According to economists, health insurance is expected to act as a countervailing force for inflation for approximately a year starting in October. Since October 2022, health insurance prices have been steadily decreasing by around 3% to 4% every month. However, starting in October, the Consumer Price Index (CPI) for health insurance is projected to begin rising by just over 1% month over month.
Measuring the price of health insurance is challenging for economists because direct consumer costs, such as monthly insurance premiums, are not included in the Bureau of Labor Statistics’ (BLS) calculations. This is due to the variation in benefits and risk factors across different insurance contracts. The BLS indirectly measures health insurance inflation based on profits, using profit margins as a proxy for consumer prices. These calculations are updated annually in October.
Andrew Hunter, a deputy chief U.S. economist at Capital Economics, suggests that health care prices, as measured by the CPI, are starting to rebound. The significant decrease in health insurance prices since October 2022 has contributed to the economic downturn. However, Mark Zandi, chief economist at Moody’s Analytics, notes that other indicators remain stubbornly low, and the CPI for medical insurance is expected to begin increasing by just over 1% month-on-month for a year starting from October.
The Covid-19 pandemic has led to a surge in health insurance companies’ profits as consumers continued to pay premiums while limiting their visits to doctors and hospitals for elective procedures. However, in 2021, consumers began utilizing their insurance more frequently, resulting in insurers paying out more claims and reducing their gross profits compared to the previous year. As a result, the monthly inflation rate for health insurance has decreased. The BLS’s updated calculations will reflect insurers’ stronger profits in 2022, potentially affecting future CPI updates.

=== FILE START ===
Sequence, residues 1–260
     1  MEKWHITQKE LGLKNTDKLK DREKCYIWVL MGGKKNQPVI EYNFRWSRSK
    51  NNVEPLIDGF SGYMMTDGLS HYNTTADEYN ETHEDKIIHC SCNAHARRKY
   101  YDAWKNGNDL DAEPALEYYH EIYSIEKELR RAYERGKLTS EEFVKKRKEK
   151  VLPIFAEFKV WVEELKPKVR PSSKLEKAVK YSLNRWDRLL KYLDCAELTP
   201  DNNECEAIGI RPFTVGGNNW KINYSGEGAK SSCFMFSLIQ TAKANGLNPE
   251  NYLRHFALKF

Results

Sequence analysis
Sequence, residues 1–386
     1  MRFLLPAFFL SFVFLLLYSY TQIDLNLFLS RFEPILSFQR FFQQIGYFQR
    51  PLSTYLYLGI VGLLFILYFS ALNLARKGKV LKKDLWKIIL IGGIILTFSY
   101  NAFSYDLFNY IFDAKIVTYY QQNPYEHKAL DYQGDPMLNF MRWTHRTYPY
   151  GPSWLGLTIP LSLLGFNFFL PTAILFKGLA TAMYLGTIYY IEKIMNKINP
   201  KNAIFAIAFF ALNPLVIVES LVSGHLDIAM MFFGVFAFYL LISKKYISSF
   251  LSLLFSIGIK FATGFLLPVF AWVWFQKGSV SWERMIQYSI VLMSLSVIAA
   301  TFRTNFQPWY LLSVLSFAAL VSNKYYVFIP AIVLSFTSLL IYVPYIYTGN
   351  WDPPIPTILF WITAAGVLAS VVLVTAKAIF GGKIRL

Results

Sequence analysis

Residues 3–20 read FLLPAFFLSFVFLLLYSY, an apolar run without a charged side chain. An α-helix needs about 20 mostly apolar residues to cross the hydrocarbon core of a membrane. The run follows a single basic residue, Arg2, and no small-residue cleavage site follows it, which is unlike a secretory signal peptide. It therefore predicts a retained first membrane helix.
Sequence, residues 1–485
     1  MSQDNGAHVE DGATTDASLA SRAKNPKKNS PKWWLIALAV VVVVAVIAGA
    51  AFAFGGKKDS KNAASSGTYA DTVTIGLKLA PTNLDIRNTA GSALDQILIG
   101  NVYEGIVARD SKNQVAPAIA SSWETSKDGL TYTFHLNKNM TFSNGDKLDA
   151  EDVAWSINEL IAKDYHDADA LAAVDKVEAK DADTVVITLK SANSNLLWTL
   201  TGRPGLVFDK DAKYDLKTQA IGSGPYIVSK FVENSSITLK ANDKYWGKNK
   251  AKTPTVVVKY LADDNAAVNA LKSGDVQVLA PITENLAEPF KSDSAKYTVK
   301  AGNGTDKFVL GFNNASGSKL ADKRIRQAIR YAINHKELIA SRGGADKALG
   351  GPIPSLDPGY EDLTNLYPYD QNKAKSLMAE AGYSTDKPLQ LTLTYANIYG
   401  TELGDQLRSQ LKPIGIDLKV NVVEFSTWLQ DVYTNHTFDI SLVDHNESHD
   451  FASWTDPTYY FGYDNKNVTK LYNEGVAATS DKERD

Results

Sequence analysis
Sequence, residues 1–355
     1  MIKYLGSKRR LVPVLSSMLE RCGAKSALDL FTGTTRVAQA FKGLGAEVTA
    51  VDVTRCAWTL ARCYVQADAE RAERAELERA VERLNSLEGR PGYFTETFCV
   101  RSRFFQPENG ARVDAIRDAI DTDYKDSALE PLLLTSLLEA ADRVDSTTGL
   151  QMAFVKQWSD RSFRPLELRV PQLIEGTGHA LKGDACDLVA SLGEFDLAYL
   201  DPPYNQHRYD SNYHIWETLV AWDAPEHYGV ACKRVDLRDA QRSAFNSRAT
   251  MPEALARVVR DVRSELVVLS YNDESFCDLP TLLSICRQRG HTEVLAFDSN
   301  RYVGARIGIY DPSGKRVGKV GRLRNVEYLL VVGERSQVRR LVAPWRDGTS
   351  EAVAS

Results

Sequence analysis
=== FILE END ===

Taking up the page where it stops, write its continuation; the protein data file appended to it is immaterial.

The U.S. Federal Reserve has been aggressively raising interest rates since the beginning of last year in an effort to combat persistently high inflation. While the annual inflation rate has significantly decreased from its peak during the pandemic, it remains above the target level. If inflation is sustained at high levels, economists speculate that the Federal Reserve may raise borrowing costs again.
When assessing inflation trends, policymakers tend to focus on measures that exclude food and energy prices due to their volatility. This measure, known as “core” inflation, would require consistent monthly core CPI readings of approximately 0.2% to return to target. Health insurance, which is subtracted from the core CPI by around 3 basis points per month, will undergo changes in October. It is estimated that health insurance will add over 1 basis point to the monthly core CPI, and over the past year, it has reduced the core CPI by more than 0.2 percentage point. However, Zandi believes that next year’s increase will be less than 0.1 percentage point, which is relatively small in the overall context of inflation but significant in the pursuit of every basis point.